A reminder of the unpredictability of history and the tragedy of Iran
On December 10, 1978, several million Iranians crowded into Tehran's streets to protest the dictatorial rule of the Shah and demand popular rule. Though such numbers are impossible to verify, some historians say the crowd was between 6 and 9 million strong. It was then one of the largest popular democratic movements in history, perhaps surpassed at the time only by the Indian independence movement, the Russian revolution, and a handful of the 1848 European uprisings.
This photo from the December 10 march shows a young Iranian boy raising his fist in front of a poster that reads, "Everyone has the right to take part in the government of his own country." It's a reminder that Iran's revolution the next year (the Shah fled in January 1979 and Ayatollah Ruhollah Khomeini arrived in February) was meant by many of its participants and leaders to be democratic.
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After all, the first major act of the new government that March was a national referendum asking Iranians if they wished to abolish the monarchy for an as-yet-undefined "Islamic Republic," which 99% of voters supported. That December -- a year after this photo was taken -- voters approved another referendum, again by 99%, for a new constitution. It was a rejection of colonialism, an historic lead for self-determination and democratic self-rule, a reclaiming of past Persian glory, and the beginning of yet another Iranian tragedy.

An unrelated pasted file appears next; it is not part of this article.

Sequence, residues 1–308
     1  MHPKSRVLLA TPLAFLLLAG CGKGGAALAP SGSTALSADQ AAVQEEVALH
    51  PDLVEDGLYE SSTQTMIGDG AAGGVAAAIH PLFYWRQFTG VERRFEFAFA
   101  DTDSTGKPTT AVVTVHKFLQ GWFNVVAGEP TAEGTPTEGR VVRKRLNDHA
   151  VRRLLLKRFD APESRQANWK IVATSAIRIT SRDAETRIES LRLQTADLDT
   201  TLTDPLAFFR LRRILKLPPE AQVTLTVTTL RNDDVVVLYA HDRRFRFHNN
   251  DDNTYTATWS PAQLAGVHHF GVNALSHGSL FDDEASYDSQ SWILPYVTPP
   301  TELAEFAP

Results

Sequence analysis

Iran's democratic moment was short-lived. The question of how and why the "Islamic Republic" became more Islamic than Republic is a complicated one. Perhaps it was Khomeini's greed for power, perhaps a small group of clerical leaders really did "hijack the revolution" as Westerners often put it, maybe the horrific Iran-Iraq war that began in 1980 and lasted nearly an entire decade encouraged authoritarian backsliding, or maybe it was some combination of these and other factors. But, three short decades later, in 2009, protesters again flooded Tehran to demand their rights and challenge a regime that was losing its popular legitimacy.
This weekend, in the first national election since President Mahmoud Ahmadinejad stole his way to re-election in 2009, relatively few Iranians bothered to visit the polls or, with secret police everywhere, to protest. You have to wonder what the young boy in this photo, who is probably still somewhere in Iran, would say if you'd told him then where his revolution would take his country today.
In the background of the photo is another English-language banner. It reads, "We Will Destroy Yankee Power In Iran." Then, as today, the U.S. was an absolute enemy of revolutionary Iran. Since the CIA-led 1953 coup d'etat against Iranian Prime Minister Mohammad Mosaddeq, in which the U.S. ousted the democratically elected Mossadeq and replaced him with the despised but pro-American Shah, the U.S. had been loathed by Iranians as the dictator's puppet-master.
It's one of Iran's many tragedies that the country should lose its hard-won democracy within a few years but, more than three decades later, still suffer the costs of grueling conflict with the West.
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